Turquoise (the name derived from an Old French word for "Turkish", because the mineral was first brought to Europe from Turkey, from the mines in historical Khorasan Province of Iran) is a hydrous phosphate of copper and aluminium mineral.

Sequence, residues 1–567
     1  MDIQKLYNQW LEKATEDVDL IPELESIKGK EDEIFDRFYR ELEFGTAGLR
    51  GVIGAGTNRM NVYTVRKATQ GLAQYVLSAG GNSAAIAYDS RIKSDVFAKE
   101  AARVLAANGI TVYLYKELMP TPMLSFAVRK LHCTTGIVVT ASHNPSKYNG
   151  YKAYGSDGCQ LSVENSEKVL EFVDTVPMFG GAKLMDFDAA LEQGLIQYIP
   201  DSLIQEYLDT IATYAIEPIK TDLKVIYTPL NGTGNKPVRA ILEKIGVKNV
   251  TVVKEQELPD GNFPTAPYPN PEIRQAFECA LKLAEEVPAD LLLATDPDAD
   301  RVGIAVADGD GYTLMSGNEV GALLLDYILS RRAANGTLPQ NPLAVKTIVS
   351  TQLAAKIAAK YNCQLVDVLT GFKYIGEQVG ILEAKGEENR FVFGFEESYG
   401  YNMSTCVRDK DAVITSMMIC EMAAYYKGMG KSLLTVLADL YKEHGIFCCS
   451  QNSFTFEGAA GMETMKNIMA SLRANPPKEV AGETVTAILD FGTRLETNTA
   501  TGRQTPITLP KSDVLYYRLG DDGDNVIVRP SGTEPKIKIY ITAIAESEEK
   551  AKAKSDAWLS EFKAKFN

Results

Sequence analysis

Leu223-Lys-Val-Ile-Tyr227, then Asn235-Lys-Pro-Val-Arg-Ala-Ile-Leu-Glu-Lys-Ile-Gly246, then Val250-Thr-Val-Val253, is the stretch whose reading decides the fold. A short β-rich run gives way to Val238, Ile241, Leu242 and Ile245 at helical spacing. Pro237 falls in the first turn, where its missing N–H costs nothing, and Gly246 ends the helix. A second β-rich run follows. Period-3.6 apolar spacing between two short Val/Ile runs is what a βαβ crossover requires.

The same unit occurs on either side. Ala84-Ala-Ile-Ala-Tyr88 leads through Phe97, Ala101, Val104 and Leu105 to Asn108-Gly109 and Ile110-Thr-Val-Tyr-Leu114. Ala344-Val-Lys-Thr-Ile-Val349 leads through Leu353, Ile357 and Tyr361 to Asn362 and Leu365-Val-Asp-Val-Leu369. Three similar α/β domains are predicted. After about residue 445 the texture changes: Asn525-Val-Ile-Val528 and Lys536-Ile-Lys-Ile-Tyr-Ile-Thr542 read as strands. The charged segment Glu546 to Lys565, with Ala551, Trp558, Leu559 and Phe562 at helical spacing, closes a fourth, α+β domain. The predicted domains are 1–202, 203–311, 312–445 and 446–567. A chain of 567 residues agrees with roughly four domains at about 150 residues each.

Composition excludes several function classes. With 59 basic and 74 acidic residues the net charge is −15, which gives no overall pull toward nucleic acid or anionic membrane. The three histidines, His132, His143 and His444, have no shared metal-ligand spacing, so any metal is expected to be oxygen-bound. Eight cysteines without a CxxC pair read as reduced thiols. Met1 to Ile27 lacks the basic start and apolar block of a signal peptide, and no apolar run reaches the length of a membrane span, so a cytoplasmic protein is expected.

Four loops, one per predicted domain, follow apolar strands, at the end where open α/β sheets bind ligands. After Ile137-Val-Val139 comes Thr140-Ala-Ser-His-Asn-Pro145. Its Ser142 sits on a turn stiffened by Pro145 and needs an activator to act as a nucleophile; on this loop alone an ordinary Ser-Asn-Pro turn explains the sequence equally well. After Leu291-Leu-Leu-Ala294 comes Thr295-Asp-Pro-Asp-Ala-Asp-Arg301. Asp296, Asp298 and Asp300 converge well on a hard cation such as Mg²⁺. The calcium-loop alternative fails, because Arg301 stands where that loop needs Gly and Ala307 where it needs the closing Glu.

Characteristically, turquoise almost never forms single crystals and all of its properties are highly variable. Colour is as variable as the mineral's other properties, ranging from white to a powder blue to a sky blue, and from a blue-green to a yellowish green. The blue is attributed to copper while the green may be the result of either iron impurities (replacing aluminium) or dehydration. Turquoise might lack the sparkle and clarity of transparent coloured gemstones like ruby, emerald and sapphire, but it is rare and valuable and its multi-layered history has been prized as a gem and ornamental stone for thousands of years owing to its unique hue.